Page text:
Threadripper 3990X Performs Best With Windows 10 Enterprise? Not So Fast Says AMD

AMD Ryzen Threadripper
In our testing of AMD's monstrous Ryzen Threadripper 3990X processor, we slapped the beastly high-end desktop (HEDT) chip into an ASUS ROG Zenith II Extreme motherboard, and fired up the latest build of Windows 10 Pro 64-bit, with all updates and patches installed. We saw excellent results. However, a question has been raised of whether it is better to pair the Threadripper 3990X with Windows 10 Enterprise instead of Pro.

Before we get to that, let's talk about the Threadripper 3990X. It's the biggest, baddest consumer CPU in AMD's stable (read: non-EPYC processor). The chip rocks 64 cores and 128 threads, with a 2.9GHz base clock, 4.3GHz max boost clock, and a whopping 256MB of L3 cache (along with 32MB of L2 cache and 4MB of L1 cache). It has a default TDP of 280W.

Simply put, it thrashes multi-threaded workloads like nobody's business and is an excellent choice for heavy duty content creation chores, 3D rendering, and other tasks that benefit from additional cores and threads. But which version of Windows should you pair it with, Enterprise or Pro? That's where things get interesting.

AMD Recommends Pairing Its Ryzen Threadripper 3990X With Windows 10 Pro

Windows 10
AMD's official recommendation is to use Windows 10 Pro with a Threadripper 3990X. However, this was called into question when the folks at Anandtech saw better performance out of Windows 10 Enterprise. The site surmised that the Windows scheduler in Enterprise is better suited for the massive core and thread counts in the Threadripper 3990X part.

There are a lot of resources at play here. The way it works is, Windows breaks things down into two groups. It sees the first 64 threads as one of those groups, and any number higher than that gets plopped into a second processor group. So in the case of the Threadipper 3990X, Windows sees threads 65 through 128 as a processing group.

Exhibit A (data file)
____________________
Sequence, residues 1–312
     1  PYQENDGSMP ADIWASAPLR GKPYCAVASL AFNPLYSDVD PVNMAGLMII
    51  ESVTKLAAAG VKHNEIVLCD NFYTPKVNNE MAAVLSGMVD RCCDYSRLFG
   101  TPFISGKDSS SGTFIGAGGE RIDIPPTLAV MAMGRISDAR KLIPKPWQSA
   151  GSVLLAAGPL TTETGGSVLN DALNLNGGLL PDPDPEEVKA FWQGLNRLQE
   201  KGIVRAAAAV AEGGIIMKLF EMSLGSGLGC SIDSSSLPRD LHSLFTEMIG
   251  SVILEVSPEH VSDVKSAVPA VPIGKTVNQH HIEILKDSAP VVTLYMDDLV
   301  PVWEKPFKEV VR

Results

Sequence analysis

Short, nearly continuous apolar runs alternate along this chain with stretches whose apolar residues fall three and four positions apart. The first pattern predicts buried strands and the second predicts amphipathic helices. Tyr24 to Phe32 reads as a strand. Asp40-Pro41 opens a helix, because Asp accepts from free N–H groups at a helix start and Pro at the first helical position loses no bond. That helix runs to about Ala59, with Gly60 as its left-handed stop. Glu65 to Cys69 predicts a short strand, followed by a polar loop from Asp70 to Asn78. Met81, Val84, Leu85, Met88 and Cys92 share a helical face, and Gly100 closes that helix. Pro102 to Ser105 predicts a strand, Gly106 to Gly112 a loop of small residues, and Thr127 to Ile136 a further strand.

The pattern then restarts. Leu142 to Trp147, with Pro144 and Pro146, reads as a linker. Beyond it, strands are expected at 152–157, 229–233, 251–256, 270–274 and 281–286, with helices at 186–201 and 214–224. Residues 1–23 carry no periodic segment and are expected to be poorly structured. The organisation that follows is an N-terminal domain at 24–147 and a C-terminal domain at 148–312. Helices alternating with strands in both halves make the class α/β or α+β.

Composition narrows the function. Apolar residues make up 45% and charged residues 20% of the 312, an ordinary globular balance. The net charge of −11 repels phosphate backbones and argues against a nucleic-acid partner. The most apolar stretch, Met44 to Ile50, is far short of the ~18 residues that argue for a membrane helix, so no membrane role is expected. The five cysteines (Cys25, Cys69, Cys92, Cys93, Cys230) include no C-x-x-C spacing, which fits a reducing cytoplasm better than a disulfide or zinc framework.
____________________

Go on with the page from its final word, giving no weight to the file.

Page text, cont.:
Where this comes into play is how applications are developed, and specifically whether they are capable of spanning both groups.

"Now the thing is, Workstation and Enterprise are built with multiple processor groups in mind, whereas Pro is not. This has comes through scheduler adjustments, which aren’t immediately apparent without digging deeper into the finer elements of the design. We saw significant differences in performance," Anandtech notes.

Indeed it did, with the biggest disparity observed in NAMD 3.31 Molecular Dynamics (ApoA1). Going from Windows 10 Pro to Windows 10 Enterprise yielded a significant 98.4 percent improvement. Case closed, right? Well, not so fast.

AMD Ryzen Threadripper

The folks at Tom's Hardware did not observe the same kind of disparity when switching from Windows 10 Pro to Windows 10 Enterprise. And in a statement provided to the site, AMD held firm that Windows 10 Pro is the recommended OS, while chalking up observations to the contrary as an "error in testing" somewhere along the line.

"AMD officially recommends Windows 10 Professional or Linux for the AMD Ryzen Threadripper 3990X. Higher editions/versions of Windows 10 confer no additional performance or compatibility benefits to the processor. We understand that this suggestion has been made in the media, but we believe this to be an error in testing that our team is presently diagnosing," AMD said.

So, what's really going on then? That's hard to tell. One hypothesis is that the specific version of Windows could be affecting benchmark results one way or the other.

"AnandTech's purportedly incorrect test results could simply boil down to NUMA configurations of Windows versioning: AMD recommended testing with Windows 10 Pro OS build 18362.592 (or greater) due to unspecified optimizations that ensured maximum performance," Tom's Hardware said.

If testing was performed on an older version of Windows than what AMD recommends, it may be throwing off the results. However, it's hard to tell. Both sites are highly reputable, and since we have not performed the same comparison, we're not able to report our own observations. Perhaps that is something we will try when/if we have a spare moment. Until then, we will be keeping an eye on the situation to see if anything further develops on the topic.